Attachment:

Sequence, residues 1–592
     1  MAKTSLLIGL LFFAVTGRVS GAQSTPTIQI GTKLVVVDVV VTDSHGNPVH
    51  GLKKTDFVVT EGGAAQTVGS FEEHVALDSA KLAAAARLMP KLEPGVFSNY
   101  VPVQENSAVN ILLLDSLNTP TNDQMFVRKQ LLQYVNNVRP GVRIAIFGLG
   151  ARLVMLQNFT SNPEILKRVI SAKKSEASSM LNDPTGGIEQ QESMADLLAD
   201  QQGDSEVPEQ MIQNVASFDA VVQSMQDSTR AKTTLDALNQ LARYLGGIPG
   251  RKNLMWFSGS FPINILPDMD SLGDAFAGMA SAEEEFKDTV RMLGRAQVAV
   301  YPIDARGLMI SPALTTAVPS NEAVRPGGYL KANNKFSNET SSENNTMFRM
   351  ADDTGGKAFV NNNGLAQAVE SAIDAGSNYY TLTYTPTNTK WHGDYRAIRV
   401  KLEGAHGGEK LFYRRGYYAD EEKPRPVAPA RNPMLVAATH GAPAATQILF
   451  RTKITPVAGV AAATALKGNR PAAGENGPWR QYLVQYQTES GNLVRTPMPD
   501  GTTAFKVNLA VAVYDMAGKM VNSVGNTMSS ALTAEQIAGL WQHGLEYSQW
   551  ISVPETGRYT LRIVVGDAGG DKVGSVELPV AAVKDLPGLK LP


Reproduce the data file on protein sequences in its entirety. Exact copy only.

Sequence, residues 1–592
     1  MAKTSLLIGL LFFAVTGRVS GAQSTPTIQI GTKLVVVDVV VTDSHGNPVH
    51  GLKKTDFVVT EGGAAQTVGS FEEHVALDSA KLAAAARLMP KLEPGVFSNY
   101  VPVQENSAVN ILLLDSLNTP TNDQMFVRKQ LLQYVNNVRP GVRIAIFGLG
   151  ARLVMLQNFT SNPEILKRVI SAKKSEASSM LNDPTGGIEQ QESMADLLAD
   201  QQGDSEVPEQ MIQNVASFDA VVQSMQDSTR AKTTLDALNQ LARYLGGIPG
   251  RKNLMWFSGS FPINILPDMD SLGDAFAGMA SAEEEFKDTV RMLGRAQVAV
   301  YPIDARGLMI SPALTTAVPS NEAVRPGGYL KANNKFSNET SSENNTMFRM
   351  ADDTGGKAFV NNNGLAQAVE SAIDAGSNYY TLTYTPTNTK WHGDYRAIRV
   401  KLEGAHGGEK LFYRRGYYAD EEKPRPVAPA RNPMLVAATH GAPAATQILF
   451  RTKITPVAGV AAATALKGNR PAAGENGPWR QYLVQYQTES GNLVRTPMPD
   501  GTTAFKVNLA VAVYDMAGKM VNSVGNTMSS ALTAEQIAGL WQHGLEYSQW
   551  ISVPETGRYT LRIVVGDAGG DKVGSVELPV AAVKDLPGLK LP